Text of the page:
Sixteen years ago this week, President Clinton signed the 1996 bipartisan welfare reform which he lauded as “ending welfare as we know it.” This anniversary offers President Obama a unique opportunity to honor the historic achievement.
At the heart of the 1996 law was a simple principle: no one in America should get money from the government for doing nothing. That’s why we put strong work requirements at the center of the reform. We would help people get back on their feet, and after two years, they had to get a job. Patrick Moynihan characterized the proposal as “the most brutal act of social policy since Reconstruction.”
And as a state senator from Illinois, our current president opposed it too. Barack Obama said he “did not entirely agree with it and probably would have voted against” it. He later said he was “not a huge supporter” of the reforms.
Two-thirds of welfare recipients got a job or went to school. Within 4 years, 4.2 million people rose up from poverty. In five years, child poverty was at an all-time low, having dropped by 25 percent.
The work requirement was the key to achieving these gains.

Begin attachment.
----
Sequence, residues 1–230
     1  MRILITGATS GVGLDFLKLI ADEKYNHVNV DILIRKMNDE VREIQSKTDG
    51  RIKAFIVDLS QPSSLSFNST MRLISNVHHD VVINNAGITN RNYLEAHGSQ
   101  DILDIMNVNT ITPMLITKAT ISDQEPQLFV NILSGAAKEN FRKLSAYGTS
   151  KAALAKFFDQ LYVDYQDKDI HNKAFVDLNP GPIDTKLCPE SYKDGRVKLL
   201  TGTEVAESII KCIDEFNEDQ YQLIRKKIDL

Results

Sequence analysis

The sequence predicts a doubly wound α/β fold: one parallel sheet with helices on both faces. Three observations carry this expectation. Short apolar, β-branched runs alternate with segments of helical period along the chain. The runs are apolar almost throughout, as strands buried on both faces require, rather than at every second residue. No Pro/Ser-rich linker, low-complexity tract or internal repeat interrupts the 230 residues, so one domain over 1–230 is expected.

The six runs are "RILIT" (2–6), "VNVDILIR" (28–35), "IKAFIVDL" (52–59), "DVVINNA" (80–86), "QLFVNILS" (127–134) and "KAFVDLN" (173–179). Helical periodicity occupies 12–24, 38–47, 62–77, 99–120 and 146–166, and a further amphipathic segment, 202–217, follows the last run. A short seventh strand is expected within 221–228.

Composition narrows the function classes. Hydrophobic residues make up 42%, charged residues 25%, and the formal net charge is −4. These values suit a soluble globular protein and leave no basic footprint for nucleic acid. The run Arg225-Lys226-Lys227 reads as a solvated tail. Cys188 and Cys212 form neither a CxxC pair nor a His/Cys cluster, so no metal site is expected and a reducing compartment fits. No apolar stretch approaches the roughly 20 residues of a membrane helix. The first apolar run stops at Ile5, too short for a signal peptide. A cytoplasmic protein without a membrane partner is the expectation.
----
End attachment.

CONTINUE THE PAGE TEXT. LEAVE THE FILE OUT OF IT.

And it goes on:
President Obama’s Department of Health and Human Services issued a memo announcing it would grant states waivers on the work requirements.
The HHS memo declared the authority to “waive compliance with [work requirements] and authorize a state to test approaches and methods other than those set forth in [the section pertaining to work requirements], including definitions of work activities and engagement.”
The memo then proceeds to give examples of “projects states may want to consider” – most of which are attempts either to dilute the work requirements or expand the definition of “work”.
Jay Carney stated angrily that “any request from any state that undercuts the work requirement in welfare reform will be rejected.”
The apparent conflict between the Obama administration’s memo unilaterally empowering itself to waive the work requirement and the Obama White House’s denial that will ever take advantage of this new authority present the President with an opportunity on this 16th anniversary of the law: If he has no intention of waiving the requirements, he should denounce the memo and he should direct the secretary of HHS to officially rescind it.



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